prognosis

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96% of women survive breast cancer for at least one year, and this is predicted to fall to 87% surviving for five years or more, as shown by age-standardised net survival for patients diagnosed with breast cancer during 2010-2011 in England and Wales.[1]

Female breast cancer survival continues to fall beyond five years after diagnosis. 78% of women are predicted to survive their disease for ten years or more, as shown by age-standardised net survival for patients diagnosed with breast cancer during 2010-2011 in England and Wales.[1]

Survival for breast cancer is strongly related to the stage of the disease at diagnosis.

One-year net survival for breast cancer is highest for patients diagnosed at stage I, and lowest for those diagnosed at stage IV, 2014 data for England show.[1]

  • 100% of patients diagnosed at stage I survived their disease for at least one year, versus 63% of patients diagnosed at stage IV.[1]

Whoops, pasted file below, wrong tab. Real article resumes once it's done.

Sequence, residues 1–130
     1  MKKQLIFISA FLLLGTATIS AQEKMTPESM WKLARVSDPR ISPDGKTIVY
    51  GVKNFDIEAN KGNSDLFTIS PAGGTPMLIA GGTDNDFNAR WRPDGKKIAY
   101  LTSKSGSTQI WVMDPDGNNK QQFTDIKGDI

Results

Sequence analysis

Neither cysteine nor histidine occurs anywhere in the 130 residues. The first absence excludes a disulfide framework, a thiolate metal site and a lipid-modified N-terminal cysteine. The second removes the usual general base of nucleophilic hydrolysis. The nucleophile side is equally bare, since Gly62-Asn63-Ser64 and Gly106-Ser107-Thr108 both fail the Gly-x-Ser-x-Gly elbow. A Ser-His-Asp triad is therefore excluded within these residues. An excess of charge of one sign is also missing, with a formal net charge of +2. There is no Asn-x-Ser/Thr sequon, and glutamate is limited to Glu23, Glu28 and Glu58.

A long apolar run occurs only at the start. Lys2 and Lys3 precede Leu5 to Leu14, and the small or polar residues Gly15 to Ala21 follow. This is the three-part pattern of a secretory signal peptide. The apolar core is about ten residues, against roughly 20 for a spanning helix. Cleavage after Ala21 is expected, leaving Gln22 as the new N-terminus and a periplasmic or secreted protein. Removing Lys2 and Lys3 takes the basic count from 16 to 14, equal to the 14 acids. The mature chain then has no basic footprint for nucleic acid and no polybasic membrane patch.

One-year net survival for unknown stage breast cancer is 85%. Lack of staging information may in some cases reflect advanced stage at diagnosis: for example very unwell patients may not undergo staging tests if the invasiveness of the testing outweighs the potential benefit of obtaining stage information

Five year survival:

  • Five-year survival for female breast cancer shows a much more rapid decrease in survival between Stages I and IV. Five-year relative survival in women ranges from 99% at Stage I to 15% at Stage IV for patients diagnosed during 2002-2006 in the former Anglia Cancer Network.

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Last edited 12/2018 and last reviewed 12/2018

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